- Learn more, take our free course: Understanding Brokers
Forex regulation in the USA
After the United Kingdom, the United States is the 2nd most important sales desk, with 19.5% of the global OTC Foreign Exchange turnover between April 2013 and April 2016. CFDs and spread bets are banned for retail traders in the US, so spot Forex is very popular and tightly regulated.
There are 2 main obligatory regulating organisations for Forex brokers in the USA:
- The National Futures Association (NFA), whose main goals are to protect investors from scams and fraud, to preserve the integrity of the derivatives markets, and to ensure that its members respect their regulatory responsibilities, and
- The Commodity Futures Trading Commission (CFTC), that works at avoiding systemic risk, and helping traders to determine if the Forex firms they want to use are reliable.
How this impacts you
The regulator’s job is to regulate the brokers, it is not there to tell the citizens of that country where they can trade, that is the individual’s decision. For time immemorial it was assumed the citizens of a particular country would naturally choose to use a broker from that country – then came the internet which allows traders to use brokers from other jurisdictions. The regulatory environment is still adapting to this seismic shift in how business is done.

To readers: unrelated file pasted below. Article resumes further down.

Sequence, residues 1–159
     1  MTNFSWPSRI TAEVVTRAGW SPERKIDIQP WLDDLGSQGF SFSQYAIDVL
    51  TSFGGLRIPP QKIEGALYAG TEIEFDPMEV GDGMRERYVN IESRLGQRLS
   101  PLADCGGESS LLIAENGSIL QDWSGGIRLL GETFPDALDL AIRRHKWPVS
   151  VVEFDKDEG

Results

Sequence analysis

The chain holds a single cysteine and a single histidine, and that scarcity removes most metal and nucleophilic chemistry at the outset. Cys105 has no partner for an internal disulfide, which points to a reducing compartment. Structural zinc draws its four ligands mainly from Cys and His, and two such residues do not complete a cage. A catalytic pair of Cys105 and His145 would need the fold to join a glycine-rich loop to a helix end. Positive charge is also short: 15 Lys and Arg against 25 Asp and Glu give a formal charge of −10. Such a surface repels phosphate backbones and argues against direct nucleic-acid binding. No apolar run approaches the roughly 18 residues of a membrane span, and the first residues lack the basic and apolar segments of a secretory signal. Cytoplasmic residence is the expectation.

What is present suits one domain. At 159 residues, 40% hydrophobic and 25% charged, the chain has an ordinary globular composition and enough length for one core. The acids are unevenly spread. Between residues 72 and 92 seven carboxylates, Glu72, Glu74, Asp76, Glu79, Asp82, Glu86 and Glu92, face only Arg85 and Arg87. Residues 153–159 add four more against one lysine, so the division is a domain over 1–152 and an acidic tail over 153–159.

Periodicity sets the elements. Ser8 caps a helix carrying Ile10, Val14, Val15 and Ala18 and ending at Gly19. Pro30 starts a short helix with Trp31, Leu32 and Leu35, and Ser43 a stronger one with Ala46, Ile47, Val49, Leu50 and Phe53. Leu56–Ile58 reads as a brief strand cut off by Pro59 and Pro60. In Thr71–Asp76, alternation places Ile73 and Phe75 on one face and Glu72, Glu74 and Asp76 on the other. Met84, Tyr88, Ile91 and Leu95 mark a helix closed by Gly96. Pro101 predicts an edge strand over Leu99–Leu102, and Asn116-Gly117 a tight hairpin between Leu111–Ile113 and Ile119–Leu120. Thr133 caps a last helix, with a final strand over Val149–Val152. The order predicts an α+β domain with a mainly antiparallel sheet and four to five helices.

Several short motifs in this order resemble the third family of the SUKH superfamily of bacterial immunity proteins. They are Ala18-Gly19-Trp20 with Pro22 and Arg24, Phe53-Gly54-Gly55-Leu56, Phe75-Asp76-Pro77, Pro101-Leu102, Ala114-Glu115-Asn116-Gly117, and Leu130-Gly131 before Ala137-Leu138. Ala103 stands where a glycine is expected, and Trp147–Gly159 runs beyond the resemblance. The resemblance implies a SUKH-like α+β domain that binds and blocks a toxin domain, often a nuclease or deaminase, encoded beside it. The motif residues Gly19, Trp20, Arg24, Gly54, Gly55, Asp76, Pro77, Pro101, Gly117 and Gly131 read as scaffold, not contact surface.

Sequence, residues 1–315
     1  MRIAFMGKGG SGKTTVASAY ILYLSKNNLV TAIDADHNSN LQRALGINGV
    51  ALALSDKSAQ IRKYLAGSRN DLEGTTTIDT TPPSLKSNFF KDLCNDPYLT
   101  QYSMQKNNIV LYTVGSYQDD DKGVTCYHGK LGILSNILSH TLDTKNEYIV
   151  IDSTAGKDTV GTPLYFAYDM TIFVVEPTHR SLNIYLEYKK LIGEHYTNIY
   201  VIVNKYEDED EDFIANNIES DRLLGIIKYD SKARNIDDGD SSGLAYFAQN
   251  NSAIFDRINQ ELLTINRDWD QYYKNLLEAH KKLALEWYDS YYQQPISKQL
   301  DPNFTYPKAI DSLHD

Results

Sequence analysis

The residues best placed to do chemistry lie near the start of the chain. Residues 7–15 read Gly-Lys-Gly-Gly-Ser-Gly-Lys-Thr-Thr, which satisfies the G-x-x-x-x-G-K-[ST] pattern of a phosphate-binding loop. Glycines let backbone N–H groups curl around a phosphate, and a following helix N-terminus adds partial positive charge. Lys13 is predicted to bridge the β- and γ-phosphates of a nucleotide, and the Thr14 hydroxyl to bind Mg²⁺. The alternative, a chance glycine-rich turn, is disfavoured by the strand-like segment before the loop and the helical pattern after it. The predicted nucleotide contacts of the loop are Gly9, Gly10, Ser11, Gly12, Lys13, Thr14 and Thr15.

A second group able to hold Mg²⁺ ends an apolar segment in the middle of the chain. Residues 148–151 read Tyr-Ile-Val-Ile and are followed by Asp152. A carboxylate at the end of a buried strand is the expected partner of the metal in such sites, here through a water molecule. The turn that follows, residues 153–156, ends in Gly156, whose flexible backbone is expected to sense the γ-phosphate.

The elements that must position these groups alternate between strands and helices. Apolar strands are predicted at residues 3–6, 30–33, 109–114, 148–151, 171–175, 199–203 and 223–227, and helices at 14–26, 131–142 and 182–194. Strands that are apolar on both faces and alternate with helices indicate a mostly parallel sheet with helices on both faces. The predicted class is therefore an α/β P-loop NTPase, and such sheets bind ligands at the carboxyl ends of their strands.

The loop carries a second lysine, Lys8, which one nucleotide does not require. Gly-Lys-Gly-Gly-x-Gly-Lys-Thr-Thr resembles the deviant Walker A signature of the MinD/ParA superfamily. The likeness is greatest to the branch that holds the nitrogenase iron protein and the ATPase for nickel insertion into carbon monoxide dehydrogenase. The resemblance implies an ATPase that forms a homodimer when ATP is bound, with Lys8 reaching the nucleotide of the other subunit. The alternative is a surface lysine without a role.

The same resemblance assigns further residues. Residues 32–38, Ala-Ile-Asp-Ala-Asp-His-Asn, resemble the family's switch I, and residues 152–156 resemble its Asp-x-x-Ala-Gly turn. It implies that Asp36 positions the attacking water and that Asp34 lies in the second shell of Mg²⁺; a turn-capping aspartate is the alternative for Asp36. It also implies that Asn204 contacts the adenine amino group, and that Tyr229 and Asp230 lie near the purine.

Each trader will have their own requirements, so it is important each trader does their own research around the risks and benefits of a particular jurisdiction or broker.
If the capped leverage is not a concern, then EU traders tend to gravitate towards an FCA broker. Outside the EU, and the US, traders either trade with a broker in their own jurisdiction, or if that is less developed, gravitate towards an ASIC regulated broker.
It is an important decision, so don’t click on the first shiny banner advert promising 1000x leverage, take your time and place regulatory protections at the top of the criteria you use to choose your broker.
There is no one size fits all – what might be great for a new trader might not work for an experienced trader. The good news is it is a big competitive industry with lots of brokers to choose from.